One of the most surprising aspects of a production that deals with the relationship between virtual and real-world violence, is its unfussy directness of approach. Choosing to avoid the now predictable use of video design that often accompanies on-stage depictions of virtual worlds, for example in The Nether, director Rachel O’Riordan has opted for a stark and simplified staging. Instead of flashy pixels, set designer Gary McCann has created an oppressive domain of twisted wiring and busted circuit boards. It recalls some kind of vast, broken down and busted up machine, but one that is strangely organic in its form, with dripping water and mounds of cabling that resemble slumbering animals. Meanwhile, Simon Slater’s haunting score ghosts in and out of the narrative, creating an imminent sense of dread.

Despite not a single punch being thrown or a drop of stage-blood spilled, Killology remains an incredibly violent experience. It is also a profoundly compassionate one. It is the marked absence of any physical displays of on-stage brutality that emphasize the heart wrenching ferocity of Owen’s writing. Unlike the video game from which the play takes its title, Owen’s interest resides not in the mechanics of violent events, but in the myriad ways that these obscene acts of cruelty perpetuate themselves through the lives they collide with. It’s the deeply felt psychological wounds caused by these cycles of neglect that fascinates Owen, with the facile nastiness of Paul’s computer-generated creation serving as the symptom of a greater malaise. This is most apparent in the character of Davey (an utterly superb Sion Daniel Young) whose descent into moodswings, self-destruction and petty crime follows the brutal treatment of his pet dog, Maisie – his last remaining connection to his absent father, Alan. Young’s performance cuts to the core of Davey’s twitchy and childlike vulnerability and amounts to one of the most intensely moving portrayals of childhood trauma I’ve yet come across on-stage. It’s a truly bruising and gutting performance.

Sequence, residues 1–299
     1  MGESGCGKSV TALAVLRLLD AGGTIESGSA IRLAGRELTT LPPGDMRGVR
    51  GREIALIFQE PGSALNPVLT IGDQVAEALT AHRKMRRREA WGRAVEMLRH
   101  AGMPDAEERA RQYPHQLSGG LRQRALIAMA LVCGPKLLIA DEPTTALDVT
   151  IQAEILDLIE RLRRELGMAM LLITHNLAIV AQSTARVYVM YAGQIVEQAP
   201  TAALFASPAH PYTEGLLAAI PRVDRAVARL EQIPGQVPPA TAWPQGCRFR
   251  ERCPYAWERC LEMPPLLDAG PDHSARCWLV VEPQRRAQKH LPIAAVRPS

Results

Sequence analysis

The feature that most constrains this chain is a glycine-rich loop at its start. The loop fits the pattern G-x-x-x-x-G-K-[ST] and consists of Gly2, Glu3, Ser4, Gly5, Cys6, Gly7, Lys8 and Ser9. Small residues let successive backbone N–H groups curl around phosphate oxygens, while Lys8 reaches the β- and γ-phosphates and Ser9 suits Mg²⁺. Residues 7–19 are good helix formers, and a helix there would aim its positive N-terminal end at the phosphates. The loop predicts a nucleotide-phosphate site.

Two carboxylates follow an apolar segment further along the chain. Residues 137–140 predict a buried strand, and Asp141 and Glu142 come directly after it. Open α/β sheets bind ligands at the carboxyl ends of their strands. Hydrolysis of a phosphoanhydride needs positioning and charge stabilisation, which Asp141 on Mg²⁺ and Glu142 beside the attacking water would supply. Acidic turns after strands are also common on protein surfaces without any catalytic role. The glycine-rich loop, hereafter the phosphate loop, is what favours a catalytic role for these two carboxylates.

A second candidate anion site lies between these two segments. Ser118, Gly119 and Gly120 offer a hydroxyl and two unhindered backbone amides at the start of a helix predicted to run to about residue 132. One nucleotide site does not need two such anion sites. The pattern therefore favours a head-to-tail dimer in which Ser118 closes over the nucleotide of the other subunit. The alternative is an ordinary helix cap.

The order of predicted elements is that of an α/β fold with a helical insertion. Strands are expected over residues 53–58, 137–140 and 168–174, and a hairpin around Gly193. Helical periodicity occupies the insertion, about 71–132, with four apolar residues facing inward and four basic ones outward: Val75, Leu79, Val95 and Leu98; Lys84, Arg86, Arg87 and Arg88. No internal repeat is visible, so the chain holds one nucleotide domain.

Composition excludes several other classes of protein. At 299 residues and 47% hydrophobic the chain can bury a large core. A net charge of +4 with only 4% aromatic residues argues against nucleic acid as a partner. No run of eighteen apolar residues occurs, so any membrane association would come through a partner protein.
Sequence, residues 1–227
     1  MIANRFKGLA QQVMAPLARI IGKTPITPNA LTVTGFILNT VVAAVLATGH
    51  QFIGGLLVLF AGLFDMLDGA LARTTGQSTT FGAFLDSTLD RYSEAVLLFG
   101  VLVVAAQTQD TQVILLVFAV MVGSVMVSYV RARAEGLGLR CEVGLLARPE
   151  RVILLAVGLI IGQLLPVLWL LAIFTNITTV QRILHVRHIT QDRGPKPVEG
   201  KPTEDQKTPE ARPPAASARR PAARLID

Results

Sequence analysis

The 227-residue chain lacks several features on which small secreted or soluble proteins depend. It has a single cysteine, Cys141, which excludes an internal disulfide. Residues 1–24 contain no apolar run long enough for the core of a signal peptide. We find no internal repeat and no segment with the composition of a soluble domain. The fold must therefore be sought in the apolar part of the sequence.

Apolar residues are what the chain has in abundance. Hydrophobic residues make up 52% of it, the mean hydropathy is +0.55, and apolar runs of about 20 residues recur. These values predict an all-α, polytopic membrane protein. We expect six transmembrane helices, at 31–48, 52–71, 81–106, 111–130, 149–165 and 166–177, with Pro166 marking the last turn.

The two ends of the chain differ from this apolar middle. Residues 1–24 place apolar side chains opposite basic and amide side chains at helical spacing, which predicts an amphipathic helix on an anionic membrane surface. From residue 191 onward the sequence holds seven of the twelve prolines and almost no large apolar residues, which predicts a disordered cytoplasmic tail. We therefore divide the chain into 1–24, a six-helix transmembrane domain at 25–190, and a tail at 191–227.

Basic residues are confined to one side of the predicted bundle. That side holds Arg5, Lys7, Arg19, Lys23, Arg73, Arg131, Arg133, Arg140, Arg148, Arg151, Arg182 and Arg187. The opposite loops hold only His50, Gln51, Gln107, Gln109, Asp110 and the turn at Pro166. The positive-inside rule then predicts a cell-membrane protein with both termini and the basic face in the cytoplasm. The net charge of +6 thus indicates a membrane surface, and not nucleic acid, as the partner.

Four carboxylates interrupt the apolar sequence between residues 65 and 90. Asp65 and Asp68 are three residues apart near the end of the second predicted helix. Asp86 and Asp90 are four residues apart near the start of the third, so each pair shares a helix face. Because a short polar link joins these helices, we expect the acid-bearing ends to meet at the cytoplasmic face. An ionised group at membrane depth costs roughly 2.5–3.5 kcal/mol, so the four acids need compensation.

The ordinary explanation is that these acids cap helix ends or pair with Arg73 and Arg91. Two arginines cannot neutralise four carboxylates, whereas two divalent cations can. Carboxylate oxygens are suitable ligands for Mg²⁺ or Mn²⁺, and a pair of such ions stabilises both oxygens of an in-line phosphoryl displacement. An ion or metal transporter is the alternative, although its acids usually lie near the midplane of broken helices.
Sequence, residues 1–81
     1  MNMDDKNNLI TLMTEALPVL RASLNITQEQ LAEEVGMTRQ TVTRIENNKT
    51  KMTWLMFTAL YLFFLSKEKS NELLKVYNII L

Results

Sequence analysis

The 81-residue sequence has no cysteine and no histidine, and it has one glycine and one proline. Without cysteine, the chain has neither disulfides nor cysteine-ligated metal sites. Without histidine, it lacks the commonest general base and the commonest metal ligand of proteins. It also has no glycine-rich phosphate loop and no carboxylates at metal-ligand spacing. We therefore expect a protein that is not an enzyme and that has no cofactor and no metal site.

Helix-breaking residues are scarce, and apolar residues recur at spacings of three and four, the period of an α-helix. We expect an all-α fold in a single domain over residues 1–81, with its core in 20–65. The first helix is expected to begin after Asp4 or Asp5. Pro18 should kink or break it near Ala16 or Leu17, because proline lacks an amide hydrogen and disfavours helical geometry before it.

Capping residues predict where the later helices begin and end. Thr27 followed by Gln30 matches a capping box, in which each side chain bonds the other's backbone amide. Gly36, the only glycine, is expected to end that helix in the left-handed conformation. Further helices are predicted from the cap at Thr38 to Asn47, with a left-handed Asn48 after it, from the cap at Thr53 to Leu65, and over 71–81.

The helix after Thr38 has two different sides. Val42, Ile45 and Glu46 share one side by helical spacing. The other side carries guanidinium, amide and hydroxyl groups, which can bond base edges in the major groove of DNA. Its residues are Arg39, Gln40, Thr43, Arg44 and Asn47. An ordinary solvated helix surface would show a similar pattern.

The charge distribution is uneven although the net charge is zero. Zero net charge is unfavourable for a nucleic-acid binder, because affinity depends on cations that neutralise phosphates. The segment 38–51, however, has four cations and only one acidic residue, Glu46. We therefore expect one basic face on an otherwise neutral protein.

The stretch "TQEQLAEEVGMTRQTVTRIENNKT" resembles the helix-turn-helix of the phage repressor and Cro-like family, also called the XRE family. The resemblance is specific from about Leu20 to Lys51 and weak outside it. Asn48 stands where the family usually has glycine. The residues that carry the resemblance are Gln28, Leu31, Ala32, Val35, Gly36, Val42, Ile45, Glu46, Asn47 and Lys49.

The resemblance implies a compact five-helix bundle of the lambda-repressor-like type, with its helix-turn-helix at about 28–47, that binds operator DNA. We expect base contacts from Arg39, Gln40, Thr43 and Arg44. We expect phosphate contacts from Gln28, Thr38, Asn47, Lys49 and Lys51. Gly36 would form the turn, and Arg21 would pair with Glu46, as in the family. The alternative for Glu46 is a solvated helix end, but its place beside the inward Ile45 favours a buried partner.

Killology is on at the Royal Court until 24th June 2017. Click here for more details.


Lee Anderson

Lee is a writer and critic living in London. Despite subsisting solely on a diet of Marmite sandwhiches, black coffee and Marlboro Light, Lee survived the crush of academia and graduated with a first-class degree in English & Film and Theatre from the University of Reading in 2011 (a decision he has struggled to explain to his parents ever since). As well as slating work as a critic, Lee is also making work as a playwright, thus both having his cake and eating it too. He is also an Associate Artist of SQUINT theatre company.

Review: Killology at the Royal Court Show Info

Directed by Rachel O'Riordan

Written by Gary Owen

Cast includes Sean Gleeson, Richard Mylan, Sion Daniel Young